Complaints about the CFPB's complaint database

Last week, as reported here, the Consumer Financial Protection Bureau (CFPB) released a proposed policy statement for comment. The CFPB plans to expand its existing consumer complaint database to include narrative information, rather than the more limited information about complaints it now publishes. Whether in its current form or in its proposed expanded form, the database should be of concern to financial companies and their customers.

The complaint database is essentially unfiltered. The CFPB explains that "We don't verify all the facts alleged in these complaints but we take steps to confirm a commercial relationship between the consumer and company." In other words, as long as the complainant is a customer, her complaint goes into the database. The value of a database that treats all complaints as valid is limited, but has great potential to harm the reputation of consumer financial services providers. Adding the narrative to the database only exacerbates the potential harm.

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Regardless of disclaimers, a government-run complaint database such as this one invites people to assume that its contents have been vetted and found credible by impartial government employees. The CFPB, however, seems to view its database as nothing more than a community forum through which consumers "share their experience with other consumers." In the CFPB's words, adding narrative discussion to the complaints will "be impactful by making the complaint data personal (the powerful first person voice of the consumer talking about their [sic] experience), local (the ability for local stakeholders to highlight consumer experiences in their community), and empowering (by encouraging similarly situated consumers to speak up and be heard)."

In addition to being impactful, local and empowering, the database is likely to be misleading. Some of the CFPB's complainants may be motivated by a desire to harm the reputation of a particular company. For example, the advertisements my bank runs are annoying enough to drive some customers to gin up complaints in retribution. But even the majority of complaining customers who are well-intentioned may — as most people do — describe the situation in the light most favorable to themselves. Others may simply have fuzzy memories of what transpired. A narrative written in anger immediately after a frustrating interaction with an impolite customer service representative may sound a lot worse than one written after a more productive follow-up conversation with another bank employee.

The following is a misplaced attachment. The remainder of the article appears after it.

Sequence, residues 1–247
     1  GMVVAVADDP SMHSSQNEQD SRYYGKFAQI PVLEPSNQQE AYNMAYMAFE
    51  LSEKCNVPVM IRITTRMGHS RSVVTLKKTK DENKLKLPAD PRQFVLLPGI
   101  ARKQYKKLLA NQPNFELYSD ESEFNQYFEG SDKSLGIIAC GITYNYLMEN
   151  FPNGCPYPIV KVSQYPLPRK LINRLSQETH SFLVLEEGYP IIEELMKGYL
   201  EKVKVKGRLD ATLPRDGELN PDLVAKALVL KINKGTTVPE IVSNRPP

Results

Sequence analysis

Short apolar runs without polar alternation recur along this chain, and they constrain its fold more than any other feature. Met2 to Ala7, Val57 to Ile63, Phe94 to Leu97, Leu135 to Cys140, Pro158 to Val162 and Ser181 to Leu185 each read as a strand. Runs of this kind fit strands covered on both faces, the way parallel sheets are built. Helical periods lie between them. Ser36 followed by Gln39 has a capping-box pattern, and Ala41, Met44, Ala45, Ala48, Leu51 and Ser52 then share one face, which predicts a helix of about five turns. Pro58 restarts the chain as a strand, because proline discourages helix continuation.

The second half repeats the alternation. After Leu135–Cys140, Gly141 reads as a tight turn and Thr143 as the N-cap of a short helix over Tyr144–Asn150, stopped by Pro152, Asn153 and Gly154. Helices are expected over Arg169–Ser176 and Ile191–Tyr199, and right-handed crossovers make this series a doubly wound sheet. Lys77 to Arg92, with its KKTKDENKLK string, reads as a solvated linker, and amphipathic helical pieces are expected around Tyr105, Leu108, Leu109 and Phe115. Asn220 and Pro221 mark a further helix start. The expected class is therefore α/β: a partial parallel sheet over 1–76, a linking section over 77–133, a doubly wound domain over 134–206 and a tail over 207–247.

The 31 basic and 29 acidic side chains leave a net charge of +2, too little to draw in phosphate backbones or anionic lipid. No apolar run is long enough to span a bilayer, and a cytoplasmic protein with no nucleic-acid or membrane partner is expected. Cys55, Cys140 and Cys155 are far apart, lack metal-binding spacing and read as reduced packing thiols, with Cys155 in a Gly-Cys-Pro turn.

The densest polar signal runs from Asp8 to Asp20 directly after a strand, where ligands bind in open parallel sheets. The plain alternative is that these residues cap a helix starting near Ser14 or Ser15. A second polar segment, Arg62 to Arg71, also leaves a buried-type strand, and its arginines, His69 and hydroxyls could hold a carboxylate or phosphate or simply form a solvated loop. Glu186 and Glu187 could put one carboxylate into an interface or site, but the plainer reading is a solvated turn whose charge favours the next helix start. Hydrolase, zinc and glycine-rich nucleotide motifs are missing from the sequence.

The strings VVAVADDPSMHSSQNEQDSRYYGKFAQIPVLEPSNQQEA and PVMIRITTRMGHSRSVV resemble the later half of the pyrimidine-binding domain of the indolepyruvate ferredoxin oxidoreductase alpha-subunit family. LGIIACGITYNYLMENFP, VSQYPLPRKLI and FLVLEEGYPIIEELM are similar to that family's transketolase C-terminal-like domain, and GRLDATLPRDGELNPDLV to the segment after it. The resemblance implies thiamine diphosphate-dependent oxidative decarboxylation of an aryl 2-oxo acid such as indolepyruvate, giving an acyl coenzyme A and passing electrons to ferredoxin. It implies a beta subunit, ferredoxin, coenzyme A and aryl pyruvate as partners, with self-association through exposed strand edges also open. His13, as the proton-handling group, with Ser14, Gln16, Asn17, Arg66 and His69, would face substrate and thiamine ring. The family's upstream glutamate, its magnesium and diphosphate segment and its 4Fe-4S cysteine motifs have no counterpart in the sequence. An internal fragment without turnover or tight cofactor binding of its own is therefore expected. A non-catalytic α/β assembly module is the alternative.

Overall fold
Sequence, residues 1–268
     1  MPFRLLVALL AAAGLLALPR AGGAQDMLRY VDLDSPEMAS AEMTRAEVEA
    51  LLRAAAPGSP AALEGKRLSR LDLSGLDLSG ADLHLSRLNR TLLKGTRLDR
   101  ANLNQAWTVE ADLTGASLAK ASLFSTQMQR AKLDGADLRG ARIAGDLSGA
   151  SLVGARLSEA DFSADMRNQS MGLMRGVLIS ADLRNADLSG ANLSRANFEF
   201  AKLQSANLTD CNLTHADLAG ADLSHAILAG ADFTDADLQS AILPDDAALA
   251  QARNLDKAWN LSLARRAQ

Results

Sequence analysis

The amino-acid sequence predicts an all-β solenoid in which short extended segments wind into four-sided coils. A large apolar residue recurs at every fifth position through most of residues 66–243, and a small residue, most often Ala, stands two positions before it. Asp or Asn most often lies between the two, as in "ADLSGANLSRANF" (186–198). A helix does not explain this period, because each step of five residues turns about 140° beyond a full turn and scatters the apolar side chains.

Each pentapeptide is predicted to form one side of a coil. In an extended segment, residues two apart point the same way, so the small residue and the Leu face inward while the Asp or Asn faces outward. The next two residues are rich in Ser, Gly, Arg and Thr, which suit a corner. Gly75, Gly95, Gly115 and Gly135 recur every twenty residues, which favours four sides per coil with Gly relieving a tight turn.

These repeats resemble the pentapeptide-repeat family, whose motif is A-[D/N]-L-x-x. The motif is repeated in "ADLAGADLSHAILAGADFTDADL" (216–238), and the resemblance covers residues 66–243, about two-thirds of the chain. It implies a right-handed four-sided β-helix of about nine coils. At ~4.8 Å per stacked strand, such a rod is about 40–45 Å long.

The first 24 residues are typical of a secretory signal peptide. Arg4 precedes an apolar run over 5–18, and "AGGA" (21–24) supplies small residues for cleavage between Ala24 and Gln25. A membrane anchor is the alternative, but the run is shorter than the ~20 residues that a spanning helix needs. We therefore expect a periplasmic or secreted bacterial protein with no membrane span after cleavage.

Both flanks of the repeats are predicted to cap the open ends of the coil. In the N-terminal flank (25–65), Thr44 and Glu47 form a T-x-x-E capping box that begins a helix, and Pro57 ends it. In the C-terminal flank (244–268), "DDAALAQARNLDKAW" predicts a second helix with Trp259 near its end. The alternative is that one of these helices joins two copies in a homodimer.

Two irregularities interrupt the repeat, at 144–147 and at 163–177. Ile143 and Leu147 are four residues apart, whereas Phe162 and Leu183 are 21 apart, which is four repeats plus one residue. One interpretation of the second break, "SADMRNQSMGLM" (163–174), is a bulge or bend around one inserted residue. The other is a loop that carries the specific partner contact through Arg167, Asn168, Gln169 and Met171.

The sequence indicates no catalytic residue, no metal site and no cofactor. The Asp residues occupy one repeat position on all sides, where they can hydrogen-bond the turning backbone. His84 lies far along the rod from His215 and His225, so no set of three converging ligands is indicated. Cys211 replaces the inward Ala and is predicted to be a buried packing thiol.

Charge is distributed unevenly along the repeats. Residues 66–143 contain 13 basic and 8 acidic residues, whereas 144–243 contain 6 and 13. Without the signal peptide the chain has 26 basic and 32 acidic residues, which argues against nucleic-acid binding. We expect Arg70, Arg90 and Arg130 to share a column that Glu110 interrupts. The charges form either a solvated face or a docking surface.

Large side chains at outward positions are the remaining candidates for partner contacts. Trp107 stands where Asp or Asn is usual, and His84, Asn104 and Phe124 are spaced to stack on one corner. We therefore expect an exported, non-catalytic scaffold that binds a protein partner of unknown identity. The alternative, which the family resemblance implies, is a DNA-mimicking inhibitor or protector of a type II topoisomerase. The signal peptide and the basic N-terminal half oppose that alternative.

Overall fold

The CFPB acknowledges that "the narratives may contain factually incorrect information," but believes its policy of publishing company responses along with the complaints will mitigate this problem. Companies will not be able to include personal information in their published responses and will be reluctant to aggressively counter inaccuracies. So they will hesitate to publicly push back against unfounded complaints or fill in details of incomplete customer narratives.

The CFPB sees its proposed policy as "establishing itself as a leader in the realm of open government and open data" and cites the Office of Management and Budget's Open Government Directive in support of its proposal. That directive notes that agencies should not disclose information if doing so would damage compelling interests, such as confidentiality. The CFPB plans to take steps to protect the confidentiality of the people who submit complaints, but the business interests of wrongly accused companies are also compelling. Publishing untested complaints also may run counter to the directive's emphasis on information quality.

The CFPB expects that the database will influence consumer behavior, yet knows the database will include some information that is factually inaccurate. Encouraging consumers to act on such information is inconsistent with the CFPB's objectives of protecting consumers from deceptive acts and practices and making sure that they have access to "understandable information to make responsible decisions about financial transactions." Let's hope the financial companies it regulates do not follow its lead.

Peirce is a senior research fellow with the Mercatus Center at George Mason University.